|Motherboard||MSI Z97 GAMING 5||CPU||Intel Core i5-4670K|
|CPU Cooler||Raijintek Themis||RAM||Kingston HyperX Beast 8GB 2400MHz|
|Graphics Card||MSI GTX 770 OC Edition||SSD (M.2)||Kingston M.2 120GB SSD (SM2280S3/120G)|
Installation is easy and a little unusual, especially if you’ve not fitted one of these types of devices before. The SSD connector is simply slid into the M.2 port (central in the MSI Z97 GAMING 5 motherboard) at an approximately 45 degree angle, the drive can then be hinged down. The SSD is then simply held down by a small screw at the opposite end.
We use PCMark 8 to help ascertain Gaming performance. The test used measures the performance of the drive while loading real game data for both World of Warcraft and Battlefield 3. In addition to this we will also use ATTO Disk Benchmark to confirm the drives claimed performance levels.
- PCMark 8 Storage Test – Results
|Drive||World of Warcraft (Load Time)||Battlefield 3 (Load Time)|
|Kingston M.2 120GB||58.5 s||134.0 s|
|ADATA mSATA SX300 64GB (SSD)||59.0 s||136.7 s|
|Kingston HyperX Na’Vi Limited Edition 240GB (SSD)||59.2 s||137.6 s||Kingston 200V+ 60GB (SSD)||59.8 s||138.2 s|
|Western Digital Black 1TB (HDD)||123.6 s||303.9 s|
As you can see from the data above pretty much all of the SSD based drives put in similar performances, although it’s still worth noting that the Kingston M.2 120GB SSD is actually now the fastest drive tested here at pcG. An that’s pretty impressive for such an unassuming looking device. The difference between an SSD and a HDD can clearly be seen with the Western Digital 1TB HDD being over twice as slow…
- ATTO Disk Benchmark
In the pure throughput test (using ATTO Disk Benchmark) the Kingston M.2 120GB SSD matches its quoted Read (550GB/s) and Write (520GB/s) with 552,841 and 521,233. As you can see from these tests there’s no drawback that we can see from using a device such as this M.2 drive from Kingston. It certainly makes a normal 2.5″ SSD look like an awful waste of space, that’s for sure… 😉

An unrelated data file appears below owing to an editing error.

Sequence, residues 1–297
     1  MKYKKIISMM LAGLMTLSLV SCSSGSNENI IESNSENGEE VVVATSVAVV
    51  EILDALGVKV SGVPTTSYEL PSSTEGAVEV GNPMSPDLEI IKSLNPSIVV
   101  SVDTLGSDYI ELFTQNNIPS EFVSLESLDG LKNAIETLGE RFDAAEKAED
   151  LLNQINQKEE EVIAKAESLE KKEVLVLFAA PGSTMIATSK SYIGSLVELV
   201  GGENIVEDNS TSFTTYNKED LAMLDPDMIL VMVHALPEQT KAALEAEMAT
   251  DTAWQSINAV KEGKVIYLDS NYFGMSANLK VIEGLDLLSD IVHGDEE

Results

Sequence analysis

Put simply the Kingston M.2 120GB SSD is an extremely impressive piece of kit, proving at least as good as mSATA drives we have seen in the past.
Performance is also impeccable, with both the Battlefield 3 and World of Warcraft PCMark 8 tests showing the best performance we have yet seen here at pcG.
We have always been a fan of mSATA and now M.2 drives for mainstream desktop PCs, mainly due to the convenience and the complete lack of wiring that’s required. To be honest you wouldn’t even know it was there. Consider that these drives will come later in capacities up to (and no doubt beyond) 1TB and transfer speeds up to 10 GB/s (M.2 PCIe only). I feel the time of the M.2 drives is now; well I hope it is anyway…
Of course all this miniaturization comes at a cost with the Kingston M.2 120GB SSD commanding approximately £10 more than its 2.5″ partner. Money well spent in my mind! Come on, none of us like those damn SATA power cables with all their connectors sticking out, do we… 😉
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Many thanks to Kingston Technology for providing this sample for review